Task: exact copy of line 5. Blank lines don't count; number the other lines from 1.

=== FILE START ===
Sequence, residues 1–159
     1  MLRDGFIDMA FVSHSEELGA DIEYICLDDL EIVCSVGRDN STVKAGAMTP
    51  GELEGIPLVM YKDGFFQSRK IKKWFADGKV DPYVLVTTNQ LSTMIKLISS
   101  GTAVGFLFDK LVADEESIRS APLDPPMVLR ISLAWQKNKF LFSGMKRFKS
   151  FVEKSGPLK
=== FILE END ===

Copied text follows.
   151  FVEKSGPLK